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My Affinity for Saint Lucy and My Battle with Fuchs Corneal Dystrophy

Saint Lucy and Virginia Lieto Saint Lucy was born in 283 A.D. in Syracuse, Italy, what we refer to today as Sicily. Little is known about this Saint, except that she died young (age 21 in 304 A.D.) because of the Emperor Diocletian’s persecution. The one thing I can tell you about Saint Lucy is that she is the patron saint of the blind and those with eye disorders.

My Affinity for Saint Lucy

I have a special place in my heart for Saint Lucy, as she got me through a very difficult time in my life. In 2000, I was diagnosed with Fuchs Corneal Dystrophy. This eye disease is supposedly hereditary, yet I knew of no one in my family who suffered from what I suffered. Every eye has thousands of water pumps in them that regulate the amount of water retained within the eye. When those water pumps break down, water is retained within the eye, and you have Fuchs Corneal Dystrophy. The symptoms come on gradually. You begin to see through a “mist” during early mornings, with the eye somewhat drying out as the day wears on. Yet, there comes a point where the “mist” remains throughout the day, impairing your ability to see well. Cataracts form and the eyesight worsens. Eventually you need to have the cataracts removed and you need partial corneal transplants.

Saint Lucy to My Aid

In 2008, I received two operations to remove the cataracts and obtain the transplants; an operation done in each eye – one in January; the other in April that year. All I know about the donors was that one cornea came from a two-year-old girl who had died; the other from a 43-year-old man. I continue to pray for them both, and I continue to pray for increased organ donations.

It was Saint Lucy who helped me through this time in my life. She interceded on my behalf to get me the help I needed. Because of the operations, my eyesight greatly improved. Saint Lucy, I thank you for your support. I wish you a Happy Feast Day!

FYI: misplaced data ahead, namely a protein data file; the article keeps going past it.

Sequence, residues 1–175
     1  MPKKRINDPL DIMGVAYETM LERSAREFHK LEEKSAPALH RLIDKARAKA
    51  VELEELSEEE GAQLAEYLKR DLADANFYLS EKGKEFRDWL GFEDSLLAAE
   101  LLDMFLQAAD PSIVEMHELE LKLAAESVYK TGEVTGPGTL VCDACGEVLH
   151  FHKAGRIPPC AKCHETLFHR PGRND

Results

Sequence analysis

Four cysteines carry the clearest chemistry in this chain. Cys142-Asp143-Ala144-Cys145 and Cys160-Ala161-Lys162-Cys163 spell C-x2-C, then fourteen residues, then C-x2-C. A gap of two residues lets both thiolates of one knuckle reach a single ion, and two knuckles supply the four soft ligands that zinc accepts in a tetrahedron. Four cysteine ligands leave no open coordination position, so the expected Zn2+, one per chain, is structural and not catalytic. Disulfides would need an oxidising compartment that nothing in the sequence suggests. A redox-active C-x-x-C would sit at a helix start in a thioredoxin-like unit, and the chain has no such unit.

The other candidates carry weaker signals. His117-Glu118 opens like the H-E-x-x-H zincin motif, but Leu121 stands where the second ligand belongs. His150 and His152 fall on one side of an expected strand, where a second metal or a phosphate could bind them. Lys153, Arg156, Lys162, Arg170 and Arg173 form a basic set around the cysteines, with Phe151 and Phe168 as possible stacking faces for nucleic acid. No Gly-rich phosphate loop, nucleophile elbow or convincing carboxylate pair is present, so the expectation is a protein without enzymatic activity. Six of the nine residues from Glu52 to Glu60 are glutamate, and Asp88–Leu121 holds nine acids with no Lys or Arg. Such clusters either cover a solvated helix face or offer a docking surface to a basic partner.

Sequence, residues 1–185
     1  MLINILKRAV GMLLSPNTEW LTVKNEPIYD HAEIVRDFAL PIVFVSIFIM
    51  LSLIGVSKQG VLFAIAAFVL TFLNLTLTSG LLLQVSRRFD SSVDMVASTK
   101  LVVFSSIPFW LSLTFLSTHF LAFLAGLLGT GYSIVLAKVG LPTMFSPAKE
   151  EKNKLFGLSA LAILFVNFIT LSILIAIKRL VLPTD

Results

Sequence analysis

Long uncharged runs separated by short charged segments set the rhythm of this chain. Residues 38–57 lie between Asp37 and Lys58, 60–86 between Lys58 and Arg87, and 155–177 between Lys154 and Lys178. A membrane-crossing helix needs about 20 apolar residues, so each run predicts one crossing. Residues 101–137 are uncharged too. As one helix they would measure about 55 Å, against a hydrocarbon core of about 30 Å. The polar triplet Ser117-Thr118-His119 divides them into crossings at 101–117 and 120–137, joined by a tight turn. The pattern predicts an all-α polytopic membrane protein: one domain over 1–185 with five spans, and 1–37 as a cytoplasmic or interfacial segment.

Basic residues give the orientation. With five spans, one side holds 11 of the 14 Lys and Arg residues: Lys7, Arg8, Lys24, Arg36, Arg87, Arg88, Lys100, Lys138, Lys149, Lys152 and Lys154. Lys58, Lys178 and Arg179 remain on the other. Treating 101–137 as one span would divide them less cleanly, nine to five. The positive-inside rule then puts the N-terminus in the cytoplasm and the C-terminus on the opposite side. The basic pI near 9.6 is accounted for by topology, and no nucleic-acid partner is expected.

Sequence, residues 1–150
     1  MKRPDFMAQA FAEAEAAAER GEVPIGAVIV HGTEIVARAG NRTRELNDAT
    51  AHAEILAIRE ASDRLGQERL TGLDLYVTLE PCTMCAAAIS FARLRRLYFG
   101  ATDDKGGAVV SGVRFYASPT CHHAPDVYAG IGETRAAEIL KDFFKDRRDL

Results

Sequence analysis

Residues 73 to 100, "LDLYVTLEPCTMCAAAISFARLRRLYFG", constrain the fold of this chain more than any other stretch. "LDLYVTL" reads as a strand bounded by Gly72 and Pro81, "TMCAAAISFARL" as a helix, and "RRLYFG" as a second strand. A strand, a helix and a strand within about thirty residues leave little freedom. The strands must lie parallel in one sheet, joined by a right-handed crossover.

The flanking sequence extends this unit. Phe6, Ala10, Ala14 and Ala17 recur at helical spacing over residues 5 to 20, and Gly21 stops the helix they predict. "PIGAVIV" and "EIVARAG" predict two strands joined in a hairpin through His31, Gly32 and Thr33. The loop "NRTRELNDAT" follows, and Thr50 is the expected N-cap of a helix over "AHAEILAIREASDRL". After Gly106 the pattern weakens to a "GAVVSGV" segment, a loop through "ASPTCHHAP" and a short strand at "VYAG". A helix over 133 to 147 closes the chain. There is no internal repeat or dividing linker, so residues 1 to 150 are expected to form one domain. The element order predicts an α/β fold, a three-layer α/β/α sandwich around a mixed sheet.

This post also appears on Association of Catholic Women Bloggers, and Top Catholic Blogs

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5 Responses to My Affinity for Saint Lucy and My Battle with Fuchs Corneal Dystrophy

  • Thanks for sharing! One of the treasures of our Church is the many saints who watch over our special needs and endeavors. Blessings.

  • Oh my goodness. I think this is what caused my father’s blindness. As best as I understood it my father suffered from some sort of hereditary cataract problem and in the late 1960’s they attempted an operation on both his eyes. They didn’t have laser surgery back then and it had to be done by hand. It was an abysmal failure and my father in his mid thirties at the time was left blind in both eyes for life. His two sisters also had similar problem, though they did not elect to have operations and lived with limited sight. St. Lucy (or as we called her, Santa Lucia in Italian) is our family patron saint. God be with you. Thank goodness they had the surgical equipment for your operations. If I can ask, can you say a prayer for my father, Mario, who passed away in 2006. He lived to almost 71, which made living half his life in the dark.

    • Hi Manny! Good to hear from you. Fuchs Corneal Dystrophy usually doesn’t start until mid-life. I was diagnosed at age 42. Laser surgery would not be appropriate for my situation. I had a corneal surgeon monitor the growth of the cataracts for several years, before undergoing the surgery at the age of 51. The surgery was “manual”, and at one point in the surgical process, they had to awaken me to complete the surgery. For the first surgery, that was pretty scary. However, after the first surgery, I saw a drastic improvement in eyesight immediately upon removal of the bandages. With those results, I couldn’t get back on that operating table fast enough! Three months later, they were able to do the surgery on the second eye. I am blessed to have a top-notch corneal surgeon, Dr. William Hammonds from Charlotte, NC.

      I’m sorry to hear of the cross your father had to bear because of the loss of his eyesight. I will definitely say a prayer for his soul today. May he be enjoying the vision of the Blessed Trinity at this very moment!

      God bless, and have a wonderful Christmas season.



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